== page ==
The Book of Human Emotions: From Ambiguphobia to Umpty - 154 Words from Around the World for How We Feel - Tiffany Watt Smith 2016


The sight of another’s smile is not always simple. We may walk around their gorgeous new house, or hear about that perfect afternoon spent with the grandchildren at the zoo, and sense our hearts lifting up to meet theirs, echoing with their joy. But beneath our congratulations there might also be a little knot of envy, something shriveled and beaten. Sometimes, as Gore Vidal realized, “it is not enough to succeed. Others must fail.”

For Gautama Buddha, who lived in the fifth or sixth century BCE, joy was not a scarce resource to be competed over, or parceled out to only a lucky few. He saw it as boundless. For him the word mudita (pronounced moo-dee-ta) captured an experience of JOY, rather than ENVY or RESENTMENT, on hearing of someone else’s good fortune. And he suggested that the fact mudita could be felt at all, is evidence that someone else’s pleasure doesn’t diminish your own store, but increases it.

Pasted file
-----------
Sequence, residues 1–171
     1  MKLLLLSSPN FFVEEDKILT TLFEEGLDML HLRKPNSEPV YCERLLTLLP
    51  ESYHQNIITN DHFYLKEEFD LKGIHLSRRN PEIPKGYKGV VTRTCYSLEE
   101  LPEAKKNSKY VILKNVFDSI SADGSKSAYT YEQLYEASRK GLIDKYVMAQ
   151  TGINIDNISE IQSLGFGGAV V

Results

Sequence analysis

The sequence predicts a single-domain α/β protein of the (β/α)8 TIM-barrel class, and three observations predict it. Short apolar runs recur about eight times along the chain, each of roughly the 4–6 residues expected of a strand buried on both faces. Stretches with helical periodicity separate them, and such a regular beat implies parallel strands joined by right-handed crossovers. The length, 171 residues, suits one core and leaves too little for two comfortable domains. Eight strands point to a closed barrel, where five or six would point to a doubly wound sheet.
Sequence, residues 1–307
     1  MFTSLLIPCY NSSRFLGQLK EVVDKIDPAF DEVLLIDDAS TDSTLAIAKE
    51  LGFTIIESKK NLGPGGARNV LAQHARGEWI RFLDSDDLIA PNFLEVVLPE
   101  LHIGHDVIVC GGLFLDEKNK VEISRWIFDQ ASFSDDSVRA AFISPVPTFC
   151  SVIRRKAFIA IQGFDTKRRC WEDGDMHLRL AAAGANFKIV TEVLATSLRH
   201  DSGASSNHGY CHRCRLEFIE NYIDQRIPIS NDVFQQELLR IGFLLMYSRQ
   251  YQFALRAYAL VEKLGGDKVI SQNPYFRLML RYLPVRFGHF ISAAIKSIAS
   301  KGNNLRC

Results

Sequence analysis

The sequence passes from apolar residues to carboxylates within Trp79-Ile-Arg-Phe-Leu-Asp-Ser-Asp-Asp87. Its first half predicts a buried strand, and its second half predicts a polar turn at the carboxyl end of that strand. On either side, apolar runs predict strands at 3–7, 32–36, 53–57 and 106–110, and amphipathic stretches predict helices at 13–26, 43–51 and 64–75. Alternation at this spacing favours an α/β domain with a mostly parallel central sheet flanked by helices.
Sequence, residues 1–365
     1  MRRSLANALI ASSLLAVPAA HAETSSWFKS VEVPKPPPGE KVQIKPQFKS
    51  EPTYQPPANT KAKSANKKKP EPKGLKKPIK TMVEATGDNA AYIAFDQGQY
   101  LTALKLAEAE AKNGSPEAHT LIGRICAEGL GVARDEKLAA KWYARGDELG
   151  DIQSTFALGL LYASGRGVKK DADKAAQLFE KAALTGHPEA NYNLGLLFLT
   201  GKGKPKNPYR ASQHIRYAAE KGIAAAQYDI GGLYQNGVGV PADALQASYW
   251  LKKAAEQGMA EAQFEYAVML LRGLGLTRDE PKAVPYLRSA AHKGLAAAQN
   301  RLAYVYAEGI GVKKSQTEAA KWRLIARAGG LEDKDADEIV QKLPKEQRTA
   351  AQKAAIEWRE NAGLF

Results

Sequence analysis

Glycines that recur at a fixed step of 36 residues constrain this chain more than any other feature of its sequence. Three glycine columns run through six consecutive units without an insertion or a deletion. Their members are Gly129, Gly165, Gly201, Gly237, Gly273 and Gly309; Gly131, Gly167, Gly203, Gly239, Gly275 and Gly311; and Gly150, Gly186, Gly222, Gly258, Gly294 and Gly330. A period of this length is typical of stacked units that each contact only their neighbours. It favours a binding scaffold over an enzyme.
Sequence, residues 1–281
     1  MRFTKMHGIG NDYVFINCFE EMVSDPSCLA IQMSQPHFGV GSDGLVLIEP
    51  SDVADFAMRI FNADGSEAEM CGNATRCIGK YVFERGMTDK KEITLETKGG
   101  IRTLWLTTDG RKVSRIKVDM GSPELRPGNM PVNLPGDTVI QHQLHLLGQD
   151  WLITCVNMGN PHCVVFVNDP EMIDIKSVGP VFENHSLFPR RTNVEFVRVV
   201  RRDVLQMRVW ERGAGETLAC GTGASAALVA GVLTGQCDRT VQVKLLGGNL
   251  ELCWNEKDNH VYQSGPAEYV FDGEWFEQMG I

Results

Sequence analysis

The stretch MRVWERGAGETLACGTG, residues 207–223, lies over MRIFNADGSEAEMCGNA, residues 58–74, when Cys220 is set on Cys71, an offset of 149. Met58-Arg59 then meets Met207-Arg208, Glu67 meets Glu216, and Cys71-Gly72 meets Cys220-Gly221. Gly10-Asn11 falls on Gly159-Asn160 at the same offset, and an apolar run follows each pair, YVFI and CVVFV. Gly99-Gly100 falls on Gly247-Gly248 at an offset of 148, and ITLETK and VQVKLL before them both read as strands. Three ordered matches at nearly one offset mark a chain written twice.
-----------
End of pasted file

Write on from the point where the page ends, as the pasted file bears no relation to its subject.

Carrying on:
Or alternatively, see: SCHADENFREUDE.